Raise your hand if you read to relax. These books take it a step further: each one aims to explore or improve some aspect of your mental health. So that feeling of R&R can last long after you turn the last page. Book it to a cozy nook and crack open some self-care.
Get chatty with yourself. “Chatter” by psychologist Ethan Kross is all about self-talk and how negative conversations with ourselves can affect our health, moods, and more. Kross uses behavioral research and case studies — including one about a Harvard undergrad living a double life as a spy — to illustrate how the most important pep talks can come from within. (Amazon, Bookshop)
Sometimes the title says it all. “The Unapologetic Guide to Black Mental Health” delves into the ways that racism has impacted Black Americans’s mental health. It details the issues and then maps a route for how to move forward and improve access to quality mental health care. (Amazon, Bookshop)
Truth hurts. “The New Normal,” written by ABC News’s Chief Medical Correspondent Dr. Ashton, combines reporting with practical tips for how to navigate the reality of the pandemic. Step one: accept the current situation for what it is, not what you wish it were. Easier said than done. Dr. Ashton is like your mental health whisperer for this unfamiliar (now becoming too familiar) world. (Amazon, Bookshop)
I’m burned out. This book, which grew out of a viral Buzzfeed article, argues that burnout — not emoji communication or avocado toast eating — is the definitive millennial condition. Peterson details how and why this came about (unrealistic expectations of success, precarious jobs and industries, pressure to create and maintain an online persona, and other fun modern ailments). The article went viral for a reason and you won’t be able to stop reading or talking about the book, too. (Amazon, Bookshop)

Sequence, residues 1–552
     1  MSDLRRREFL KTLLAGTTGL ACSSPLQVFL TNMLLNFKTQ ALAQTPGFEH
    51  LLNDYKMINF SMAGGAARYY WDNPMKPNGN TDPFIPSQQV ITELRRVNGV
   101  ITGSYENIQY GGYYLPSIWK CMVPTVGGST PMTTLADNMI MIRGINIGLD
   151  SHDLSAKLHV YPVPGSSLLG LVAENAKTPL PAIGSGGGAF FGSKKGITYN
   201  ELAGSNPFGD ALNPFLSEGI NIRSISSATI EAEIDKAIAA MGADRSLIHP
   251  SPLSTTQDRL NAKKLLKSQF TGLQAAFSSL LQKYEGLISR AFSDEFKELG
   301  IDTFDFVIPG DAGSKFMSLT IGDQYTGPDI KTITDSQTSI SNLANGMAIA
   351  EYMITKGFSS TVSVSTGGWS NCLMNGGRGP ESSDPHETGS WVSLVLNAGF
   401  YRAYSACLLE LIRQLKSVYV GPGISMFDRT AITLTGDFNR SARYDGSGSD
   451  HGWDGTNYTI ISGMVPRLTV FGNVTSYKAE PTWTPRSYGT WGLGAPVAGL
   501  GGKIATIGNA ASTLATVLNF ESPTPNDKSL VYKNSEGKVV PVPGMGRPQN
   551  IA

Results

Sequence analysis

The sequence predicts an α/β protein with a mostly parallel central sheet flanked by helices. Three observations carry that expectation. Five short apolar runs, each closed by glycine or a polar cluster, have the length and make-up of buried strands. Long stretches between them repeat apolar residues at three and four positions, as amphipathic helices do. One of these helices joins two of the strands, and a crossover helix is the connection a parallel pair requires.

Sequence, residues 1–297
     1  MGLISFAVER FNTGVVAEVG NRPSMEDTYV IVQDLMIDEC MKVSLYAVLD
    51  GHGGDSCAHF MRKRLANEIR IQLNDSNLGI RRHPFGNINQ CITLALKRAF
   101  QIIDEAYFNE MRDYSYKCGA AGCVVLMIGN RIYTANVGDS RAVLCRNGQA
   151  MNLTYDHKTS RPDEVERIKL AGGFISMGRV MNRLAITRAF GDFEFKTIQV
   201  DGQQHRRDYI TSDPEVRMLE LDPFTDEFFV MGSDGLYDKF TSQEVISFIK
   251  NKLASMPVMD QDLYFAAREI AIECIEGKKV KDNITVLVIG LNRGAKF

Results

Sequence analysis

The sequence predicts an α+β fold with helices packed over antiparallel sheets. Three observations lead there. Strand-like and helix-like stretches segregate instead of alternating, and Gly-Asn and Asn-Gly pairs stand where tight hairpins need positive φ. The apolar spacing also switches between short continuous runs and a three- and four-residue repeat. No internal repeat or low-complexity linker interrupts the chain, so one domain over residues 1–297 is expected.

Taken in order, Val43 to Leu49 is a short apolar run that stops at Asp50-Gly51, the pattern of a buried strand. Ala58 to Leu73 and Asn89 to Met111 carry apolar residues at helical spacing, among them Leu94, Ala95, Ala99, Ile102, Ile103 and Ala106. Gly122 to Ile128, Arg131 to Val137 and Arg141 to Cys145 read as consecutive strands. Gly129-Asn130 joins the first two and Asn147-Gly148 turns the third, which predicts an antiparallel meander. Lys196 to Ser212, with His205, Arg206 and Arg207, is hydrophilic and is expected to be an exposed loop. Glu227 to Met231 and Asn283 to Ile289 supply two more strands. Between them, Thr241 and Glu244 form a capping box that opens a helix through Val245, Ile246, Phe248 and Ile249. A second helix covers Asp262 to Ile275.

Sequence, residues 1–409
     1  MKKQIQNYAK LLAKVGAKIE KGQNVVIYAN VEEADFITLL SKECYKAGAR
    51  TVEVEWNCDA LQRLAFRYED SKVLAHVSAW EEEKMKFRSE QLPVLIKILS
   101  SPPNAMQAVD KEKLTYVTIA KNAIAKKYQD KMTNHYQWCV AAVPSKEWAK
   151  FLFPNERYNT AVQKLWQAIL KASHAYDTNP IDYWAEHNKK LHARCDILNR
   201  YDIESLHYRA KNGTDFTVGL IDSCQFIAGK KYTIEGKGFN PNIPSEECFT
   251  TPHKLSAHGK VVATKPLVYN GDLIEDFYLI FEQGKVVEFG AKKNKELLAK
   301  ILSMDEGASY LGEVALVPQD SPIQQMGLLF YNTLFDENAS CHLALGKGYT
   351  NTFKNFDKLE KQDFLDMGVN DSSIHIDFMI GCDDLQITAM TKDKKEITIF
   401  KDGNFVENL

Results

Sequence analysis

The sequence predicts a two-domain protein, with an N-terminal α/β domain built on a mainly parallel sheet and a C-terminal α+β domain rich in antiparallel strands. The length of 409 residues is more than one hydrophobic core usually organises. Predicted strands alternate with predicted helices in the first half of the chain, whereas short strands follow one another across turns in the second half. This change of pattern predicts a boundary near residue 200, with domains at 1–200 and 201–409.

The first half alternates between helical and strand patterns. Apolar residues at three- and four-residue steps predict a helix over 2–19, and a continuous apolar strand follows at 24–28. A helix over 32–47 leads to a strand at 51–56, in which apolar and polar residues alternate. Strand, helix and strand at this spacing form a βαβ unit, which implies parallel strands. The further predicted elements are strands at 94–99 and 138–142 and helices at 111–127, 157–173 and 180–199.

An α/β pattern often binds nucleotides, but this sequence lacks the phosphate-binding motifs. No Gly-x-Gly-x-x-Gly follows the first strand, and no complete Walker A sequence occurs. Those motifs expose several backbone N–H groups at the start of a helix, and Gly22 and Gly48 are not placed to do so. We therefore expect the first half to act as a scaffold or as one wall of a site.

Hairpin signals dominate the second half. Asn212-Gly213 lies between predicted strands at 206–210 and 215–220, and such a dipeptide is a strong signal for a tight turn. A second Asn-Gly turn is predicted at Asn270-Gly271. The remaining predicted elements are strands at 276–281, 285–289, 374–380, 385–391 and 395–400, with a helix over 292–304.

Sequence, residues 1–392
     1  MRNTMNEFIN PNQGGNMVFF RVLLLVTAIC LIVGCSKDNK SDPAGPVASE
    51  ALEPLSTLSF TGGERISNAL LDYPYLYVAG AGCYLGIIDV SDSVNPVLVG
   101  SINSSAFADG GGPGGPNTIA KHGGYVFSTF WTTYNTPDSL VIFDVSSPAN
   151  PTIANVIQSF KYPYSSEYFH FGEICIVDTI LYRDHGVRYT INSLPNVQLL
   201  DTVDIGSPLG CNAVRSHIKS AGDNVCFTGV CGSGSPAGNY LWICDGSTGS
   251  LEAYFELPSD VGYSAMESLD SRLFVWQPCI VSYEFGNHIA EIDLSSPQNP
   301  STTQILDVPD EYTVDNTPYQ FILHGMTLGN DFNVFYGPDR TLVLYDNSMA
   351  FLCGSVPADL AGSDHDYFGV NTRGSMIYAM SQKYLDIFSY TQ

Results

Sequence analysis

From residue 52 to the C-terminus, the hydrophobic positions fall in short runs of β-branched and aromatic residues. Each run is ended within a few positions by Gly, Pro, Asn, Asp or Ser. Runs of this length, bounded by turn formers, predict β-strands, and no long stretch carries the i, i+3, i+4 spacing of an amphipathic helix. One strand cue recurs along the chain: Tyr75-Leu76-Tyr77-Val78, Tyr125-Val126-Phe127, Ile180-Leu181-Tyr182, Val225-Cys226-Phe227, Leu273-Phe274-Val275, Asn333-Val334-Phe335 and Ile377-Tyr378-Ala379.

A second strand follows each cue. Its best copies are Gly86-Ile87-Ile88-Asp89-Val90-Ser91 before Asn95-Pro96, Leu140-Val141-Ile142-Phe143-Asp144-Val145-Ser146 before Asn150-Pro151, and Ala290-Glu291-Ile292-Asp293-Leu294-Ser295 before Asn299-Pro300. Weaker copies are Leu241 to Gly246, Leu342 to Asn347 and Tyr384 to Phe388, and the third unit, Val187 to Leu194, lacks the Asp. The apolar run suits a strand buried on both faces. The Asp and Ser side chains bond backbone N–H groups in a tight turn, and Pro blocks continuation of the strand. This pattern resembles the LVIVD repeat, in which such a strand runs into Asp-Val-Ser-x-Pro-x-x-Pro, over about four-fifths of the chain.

The facade can easily crack. For ABC News correspondent Dan Harris, it happened on national television. After having a panic attack on TV, he knew he had to make some changes. This book is the result. It gets into his journey with meditation and his practical tips for reining in the negative voices. (Amazon, Bookshop)
Enter: a memoir about feeling misunderstood. Amanda Stern’s “Little Panic” is all about living an anxious life and feeling like her own body and mind are out of sync with other people and the world around her. At age 25, she was diagnosed with panic disorder, giving these feelings a name. The bulk of the book focuses on her quest to get to the bottom of her mental health struggles. (Amazon, Bookshop)
Come together, right now. When social distancing makes that impossible, there’s “Together” to make you feel less alone. In this book, Dr. Murthy — former US surgeon general — talks about loneliness as a public health concern. He traces issues like drug and alcohol addiction, depression, and anxiety back to this root cause, giving you a really good reason to phone a friend. (Amazon, Bookshop)
Here’s a different kind of trip. “How to Change Your Mind” and its research into psychedelic drugs will blow your, yep, mind. Author Michael Pollan combines personal experience with research to unearth how LSD and psilocybin (the active ingredient in magic mushrooms) are being used to provide relief for people suffering from anxiety, depression, and addiction. (Amazon, Bookshop)